"m [secondly] (934) ADELA de Vermandois, daughter of HERIBERT [II] Comte de Vermandois [Carolingian] & his wife Adela [Capet] ([915]-[Bruges 10 Oct] 960, bur Gent, St Pieter). The Genealogica Arnulfi Comitis names "Adelam, domni Heriberti comitis filiam" as wife of "comes Arnulfus", specifying that she was "duorum Francorum regum, Odonis atque Rotberti, neptem"[119]. "Adala coniunx Arnulfi" is named in the Cartulaire de Saint-Bertin[120]. The Annales Elnonenses Minores record the marriage [undated between 931 and 949] of "Arnulfus" and "Adelam, filiam Heriberti Vermandorum comitis"[121]. Her marriage was arranged to seal the alliance made in 934 between her father and her future husband[122]. "Arnulfus Flandrie comes et marchisus" granted use of property "Snellenghem in pago Flandrensi" to Saint-Pierre de Gand, for "uxore mea…Adala atque…filio meo Balduino et filia mea Lietgardis" and for deceased "Balduino genitore meo et Elstrudis genetrice mea atque Heeberto filio meo", by charter dated 10 Jul 953[123]. "Adhela comitissa" freed two serfs and granted them to the abbey of Saint-Pierre de Gand, for the soul of "fidelis nostri Amalrici", by charter dated 8 Sep 954, signed by "Balduini comitis…Odacri advocati"[124]. The Annales Blandinienses record the death in 960 of "Adala comitissa"[125]."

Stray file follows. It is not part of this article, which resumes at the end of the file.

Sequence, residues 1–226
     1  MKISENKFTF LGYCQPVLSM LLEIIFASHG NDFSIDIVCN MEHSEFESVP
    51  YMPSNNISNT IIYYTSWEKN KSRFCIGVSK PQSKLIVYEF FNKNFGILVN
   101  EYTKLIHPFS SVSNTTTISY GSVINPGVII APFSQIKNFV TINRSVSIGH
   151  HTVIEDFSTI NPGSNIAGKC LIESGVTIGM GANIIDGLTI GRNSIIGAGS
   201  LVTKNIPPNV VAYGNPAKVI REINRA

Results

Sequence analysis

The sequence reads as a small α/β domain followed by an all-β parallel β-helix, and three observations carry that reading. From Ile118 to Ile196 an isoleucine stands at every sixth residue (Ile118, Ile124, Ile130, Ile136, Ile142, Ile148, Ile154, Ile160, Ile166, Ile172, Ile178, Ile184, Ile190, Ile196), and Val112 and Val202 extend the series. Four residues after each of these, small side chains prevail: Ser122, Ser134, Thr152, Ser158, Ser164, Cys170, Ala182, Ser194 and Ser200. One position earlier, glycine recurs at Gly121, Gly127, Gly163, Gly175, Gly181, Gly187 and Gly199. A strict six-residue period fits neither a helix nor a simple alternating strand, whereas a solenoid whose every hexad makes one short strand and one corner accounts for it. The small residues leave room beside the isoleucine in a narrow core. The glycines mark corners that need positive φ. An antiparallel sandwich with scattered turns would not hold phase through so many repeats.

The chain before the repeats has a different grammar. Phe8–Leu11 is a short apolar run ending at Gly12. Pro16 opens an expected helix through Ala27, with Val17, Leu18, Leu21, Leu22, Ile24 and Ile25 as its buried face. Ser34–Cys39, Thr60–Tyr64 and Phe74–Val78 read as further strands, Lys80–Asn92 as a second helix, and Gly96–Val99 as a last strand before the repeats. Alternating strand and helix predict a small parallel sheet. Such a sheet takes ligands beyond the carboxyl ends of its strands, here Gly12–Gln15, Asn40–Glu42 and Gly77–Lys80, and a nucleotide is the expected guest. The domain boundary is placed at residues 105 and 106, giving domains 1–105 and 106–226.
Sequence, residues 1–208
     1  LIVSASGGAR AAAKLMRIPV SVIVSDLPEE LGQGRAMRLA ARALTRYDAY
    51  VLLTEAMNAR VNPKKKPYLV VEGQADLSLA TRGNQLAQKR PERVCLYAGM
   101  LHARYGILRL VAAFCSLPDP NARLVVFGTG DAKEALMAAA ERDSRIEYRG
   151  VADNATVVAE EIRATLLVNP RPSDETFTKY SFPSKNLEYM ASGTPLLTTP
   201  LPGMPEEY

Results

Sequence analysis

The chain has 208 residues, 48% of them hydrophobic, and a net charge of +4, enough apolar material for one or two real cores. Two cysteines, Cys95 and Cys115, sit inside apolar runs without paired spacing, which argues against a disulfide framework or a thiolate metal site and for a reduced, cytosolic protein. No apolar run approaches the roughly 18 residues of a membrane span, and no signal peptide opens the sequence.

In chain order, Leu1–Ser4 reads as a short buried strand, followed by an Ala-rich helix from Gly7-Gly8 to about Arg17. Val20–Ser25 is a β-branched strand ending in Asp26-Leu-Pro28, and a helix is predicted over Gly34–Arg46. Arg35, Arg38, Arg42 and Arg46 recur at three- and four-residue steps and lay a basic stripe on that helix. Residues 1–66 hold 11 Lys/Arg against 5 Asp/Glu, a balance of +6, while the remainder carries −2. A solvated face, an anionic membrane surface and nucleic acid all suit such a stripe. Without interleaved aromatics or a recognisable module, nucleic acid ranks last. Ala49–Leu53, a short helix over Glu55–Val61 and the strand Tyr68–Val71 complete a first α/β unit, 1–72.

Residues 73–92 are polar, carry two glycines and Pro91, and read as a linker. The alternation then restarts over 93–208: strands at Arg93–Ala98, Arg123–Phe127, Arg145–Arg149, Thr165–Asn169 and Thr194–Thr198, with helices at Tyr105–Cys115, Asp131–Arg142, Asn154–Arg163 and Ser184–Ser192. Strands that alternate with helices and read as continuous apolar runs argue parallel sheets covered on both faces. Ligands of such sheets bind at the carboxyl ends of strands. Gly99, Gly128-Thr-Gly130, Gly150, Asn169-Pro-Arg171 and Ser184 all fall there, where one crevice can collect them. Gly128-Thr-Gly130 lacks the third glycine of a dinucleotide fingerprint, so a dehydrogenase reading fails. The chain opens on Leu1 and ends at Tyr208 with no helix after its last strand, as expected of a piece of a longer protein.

Med Lands cites:
[103] Genealogiæ Comitum Flandriæ, Witgeri Genealogica Arnulfi Comitis MGH SS IX, p. 303.
[104] Saint-Bertin II.73, 918, p. 138.
[105] Gand Saint-Pierre 18, p. 24, and Liber traditionum sancti Petri Blandiniensis, 60, p. 52.
[106] Nicholas (1992), p. 40.
[107] Liber traditionum sancti Petri Blandiniensis, 65, p. 68.
[108] Felice Lifshitz ( ed.) Dudo of St Quentin's Gesta Normannorum, Chapter 26, The Online Reference Book for Medieval Sources, (6 Jan 2003).
[109] Nicholas (1992), p. 40.
[110] Gand Saint-Pierre 22, p. 28.
[111] Nicholas (1992), p. 42.
[112] Gand Saint-Pierre 30, p. 34, and Liber traditionum sancti Petri Blandiniensis, 69, p. 75.
[113] Gand Saint-Pierre 31, p. 34.
[114] Gand Saint-Pierre 29, p. 33.
[115] Annales Blandinienses 964, MGH SS V, p. 25.
[116] Gand Saint-Pierre 37, p. 40, and Liber traditionum sancti Petri Blandiniensis, 72, p. 77.
[117] Rösch (1977), p. 138.
[118] ES II 5.
[119] Genealogiæ Comitum Flandriæ, Witgeri Genealogica Arnulfi Comitis MGH SS IX, p. 303.
[120] Saint-Bertin II.76, 938, p. 141.
[121] Annales Elnonenses Minores [931-949], MGH SS V, p. 19.
[122] Nicholas (1992), p. 40.
[123] Gand Saint-Pierre 22, p. 28.
[124] Gand Saint-Pierre 23, p. 29.
[125] Annales Blandinienses 960, MGH SS V, p. 25.13


; Per Genealogy.EU (Flanders 1): "Ct Arnulf I "the Great" of Flanders and Artois (918-965), *Flanders 885/889, +27.3.964, bur Ghent; 1m: NN; 2m: 934 Adele of Vermandois (*ca 910/915 +10.10.960); all kids were by 2m."10

; Per Genealogy.EU: "Css Adele de Vermandois, *Vermandois ca 910/915, +Bruges 10.10.960, buried in St Pierre Abby, Grand, Flanders; m.934 Ct Arnulf I of Flanders (*ca 889 +27.3.964.)14"



Reference: Genealogics Pas:
1. Stammtafeln zur Geschichte der Europäischen Staaten, 4 volumes, Marburg, 1953, 1975., W. K. Prinz von Isenburg, Reference: II 9
2. Caroli Magni Progenies Neustadt an der Aisch, 1977. , Siegfried Rosch, Reference: 124
3. Ancestral Roots of Certain American Colonists who came to Amercia bef.1700 7th Edition, Frederick Lewis Weis, Reference: 50.15